Gratitude for November . . . for always!

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It’s the season of thankfulness, a mind set to carry forward throughout the year.  Mel Davenport (thanks, Mel) brought up  the idea of posting an item of gratitude each day, in preparation for Thanksgiving.  I’ll give it a try, in combination with some thoughts I’ve been gathering for a while, a bit disconnected, and may take more than one blog post . . . but it’s only week one of November . . .

Being kind costs nothing and makes such a difference.

Looking up, I see the dream cards Holly Gault made for me and realize that many of those dreams have come true.

I also see the beautiful Sheherazade graphics that Jackie Baldwin sent, with the suggestion that I collect good wishes for the storytelling concert at the NSN conference in L.A.

Sheherazade wishes

When my sister was in the hospital, I was in the elevator, leaving after a reassuring visit.  I started to thoughtlessly mutter, “I hate hospitals” (face it, never anyone’s favorite place to be).  Just in time, I realized there were hard-working staff members in that elevator.  I changed my sentence to “I’m so glad there are people here to help my sister,” which was a far better message for all of us . . . and I have to say, she did get good care and is now much healthier.

A hospice nurse recently used my CD to ease a distressed patient.  I was touched to hear it.  I had given it to my mail carrier, who passed it on to her daughter.  Easing someone’s last days feels like a special gift.

Years back, I knitted little sweaters for dolls and bears while I sat in Mom’s hospital room.  When she was awake, she’d offer suggestions on them, one more loving piece of connection to her grandchildren and great-grandchildren . . . heart for Jill’s, truck for Stephen’s bear, kitty for Moriah’s . . .  It was a sweet distraction.

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Teaching was a special joy to me, and giving and receiving thanks with students, parents, and other teachers made it special.  A friend encouraged me to find as many things as possible to compliment, and we made a point of passing along good comments we overheard, knowing that people are sometimes too shy to share them in person .

I tried to give students recognition of their creativity.  One of my sweetest moments was when a student told me I’d helped her see that she could express herself in writing just as she did in dance.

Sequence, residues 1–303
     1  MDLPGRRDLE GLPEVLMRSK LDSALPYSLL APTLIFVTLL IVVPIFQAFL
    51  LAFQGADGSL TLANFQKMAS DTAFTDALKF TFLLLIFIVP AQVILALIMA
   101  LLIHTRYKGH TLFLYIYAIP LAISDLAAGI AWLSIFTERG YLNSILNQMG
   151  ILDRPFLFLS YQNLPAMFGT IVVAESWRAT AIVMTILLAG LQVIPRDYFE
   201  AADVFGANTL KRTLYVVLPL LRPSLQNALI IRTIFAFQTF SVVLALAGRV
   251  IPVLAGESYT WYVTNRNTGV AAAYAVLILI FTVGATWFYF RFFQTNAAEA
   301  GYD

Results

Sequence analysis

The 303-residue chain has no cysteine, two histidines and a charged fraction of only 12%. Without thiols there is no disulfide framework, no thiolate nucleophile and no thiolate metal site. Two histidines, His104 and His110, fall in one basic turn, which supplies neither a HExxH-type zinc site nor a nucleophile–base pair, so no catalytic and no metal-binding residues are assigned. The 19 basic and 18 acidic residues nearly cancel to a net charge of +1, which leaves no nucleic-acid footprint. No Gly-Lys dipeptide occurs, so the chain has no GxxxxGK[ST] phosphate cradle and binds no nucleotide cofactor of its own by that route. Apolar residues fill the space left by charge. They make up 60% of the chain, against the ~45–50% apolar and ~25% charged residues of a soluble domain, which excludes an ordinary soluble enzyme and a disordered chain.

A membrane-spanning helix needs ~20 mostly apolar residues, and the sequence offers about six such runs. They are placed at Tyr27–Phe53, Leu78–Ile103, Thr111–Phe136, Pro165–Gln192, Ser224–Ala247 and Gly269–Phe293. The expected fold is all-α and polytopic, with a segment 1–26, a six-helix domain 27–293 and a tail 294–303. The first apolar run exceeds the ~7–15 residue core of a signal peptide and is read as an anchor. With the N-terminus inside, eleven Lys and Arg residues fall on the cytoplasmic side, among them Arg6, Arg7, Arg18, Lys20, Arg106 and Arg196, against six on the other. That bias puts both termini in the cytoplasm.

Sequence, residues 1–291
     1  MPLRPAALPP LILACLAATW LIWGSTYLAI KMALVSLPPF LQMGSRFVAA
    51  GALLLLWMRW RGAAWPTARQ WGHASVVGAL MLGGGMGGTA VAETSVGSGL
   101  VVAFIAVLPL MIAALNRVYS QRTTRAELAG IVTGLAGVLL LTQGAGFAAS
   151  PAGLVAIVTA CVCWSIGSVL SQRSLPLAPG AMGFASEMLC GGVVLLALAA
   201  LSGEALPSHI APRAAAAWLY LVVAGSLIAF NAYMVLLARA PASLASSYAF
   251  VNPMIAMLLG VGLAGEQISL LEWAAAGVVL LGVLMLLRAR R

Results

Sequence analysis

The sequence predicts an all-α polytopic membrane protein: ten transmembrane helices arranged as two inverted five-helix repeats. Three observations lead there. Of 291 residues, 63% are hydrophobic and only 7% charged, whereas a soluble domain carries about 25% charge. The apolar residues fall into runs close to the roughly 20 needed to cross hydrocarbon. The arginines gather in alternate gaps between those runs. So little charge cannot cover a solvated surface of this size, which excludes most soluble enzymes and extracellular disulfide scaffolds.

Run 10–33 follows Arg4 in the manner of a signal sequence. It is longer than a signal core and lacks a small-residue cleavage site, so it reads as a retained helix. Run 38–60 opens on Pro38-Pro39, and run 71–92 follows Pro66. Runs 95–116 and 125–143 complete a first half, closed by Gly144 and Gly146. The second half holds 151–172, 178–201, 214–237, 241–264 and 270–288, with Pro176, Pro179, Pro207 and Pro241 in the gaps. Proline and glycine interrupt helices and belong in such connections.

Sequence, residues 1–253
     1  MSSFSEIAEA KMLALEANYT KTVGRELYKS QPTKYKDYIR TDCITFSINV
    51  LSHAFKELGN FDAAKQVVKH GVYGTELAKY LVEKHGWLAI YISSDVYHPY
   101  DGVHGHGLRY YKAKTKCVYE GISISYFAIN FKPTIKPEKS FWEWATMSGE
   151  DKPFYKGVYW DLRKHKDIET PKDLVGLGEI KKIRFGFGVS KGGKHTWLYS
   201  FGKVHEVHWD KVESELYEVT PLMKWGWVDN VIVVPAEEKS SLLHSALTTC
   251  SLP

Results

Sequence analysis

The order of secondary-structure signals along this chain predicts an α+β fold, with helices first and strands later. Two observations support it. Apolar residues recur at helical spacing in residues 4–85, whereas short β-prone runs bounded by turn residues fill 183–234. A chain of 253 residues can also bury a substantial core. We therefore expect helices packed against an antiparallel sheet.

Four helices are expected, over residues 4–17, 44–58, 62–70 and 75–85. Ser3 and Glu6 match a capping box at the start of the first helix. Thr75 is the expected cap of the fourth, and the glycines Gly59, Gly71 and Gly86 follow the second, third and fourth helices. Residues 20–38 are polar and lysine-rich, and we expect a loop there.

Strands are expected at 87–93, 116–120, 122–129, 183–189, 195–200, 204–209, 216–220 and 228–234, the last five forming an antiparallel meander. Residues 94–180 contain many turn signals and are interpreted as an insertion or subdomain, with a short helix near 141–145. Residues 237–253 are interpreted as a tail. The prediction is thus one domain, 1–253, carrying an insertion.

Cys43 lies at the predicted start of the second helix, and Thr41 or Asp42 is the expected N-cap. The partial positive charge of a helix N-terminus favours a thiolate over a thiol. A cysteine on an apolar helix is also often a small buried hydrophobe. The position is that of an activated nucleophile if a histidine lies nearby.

When I announced that I’d be retiring from teaching, a student expressed dismay until I reminded her that she was graduating, so we “graduated” together.  I told my students that year that I had to go because they couldn’t possibly be matched by any future group.

Here’s to new adventures!

Sharing

You keep what you’ve shared.  A friend in college was always generous with cuttings from her houseplants, insurance against future disasters, knowing she could restart with cuttings from the transplants . . .

I’ve been giving away CDs, to every place that hires me to tell, and also to people I meet out and about.  It’s delightful fun, people are so pleased, and these days many can’t afford treats.  When I give them away, I’m also passing along the help of many other people.

At last spring’s Festival, I thought to give one CD to Lynn Rubright*, who taught the very first storytelling class I attended.  In return, I received words I will treasure.

I gave another to Michael Parent**, who started me on the CD project with his workshop on doing big projects one step at a time.  That was at the Tejas Conference in Denton, Texas, and I had been given a scholarship to attend that workshop — one more thing to be oh so grateful for.

Cynthia Changaris and Mary Hamilton’s WOW Weekend helped me with planning, and was great fun as well . . . and so very nurturing!

Elizabeth Ellis shared permission to tell one of her stories, and gentle advice when I most needed it.

Some words from my mentors:

*Mary,   I listened carefully to Courage and Wisdom CD –  (in my car, where I do all my listening)….and enjoyed each and every story.   I  very much like your forthright style –  each a story a story well told.   Good tempo  (cadence) to each story, allowing the listener to visualize the setting, characters and setting.  You allowed listeners time to internalize the tale as it was unfolding.  I can see how your high school students were drawn into story and storytelling.  They will not forget their “storytelling teacher”….or the stories you told and the “lessons” embedded within them.  I like Heaven and Hell parable  (Chinese version).  Can you lead me to some other versions of this story?    Your love for the art form,  and respect for your stories and listeners is evident.  Thank you for your gift to me of tales well told.

Lynn Rubright

 

** Hiya, Mary,

Finally got around to listening to your CDs, and enjoyed them both.

You seem to understand that the best gift we can give to children is to tell them stories.

All the best,

Michael Parent

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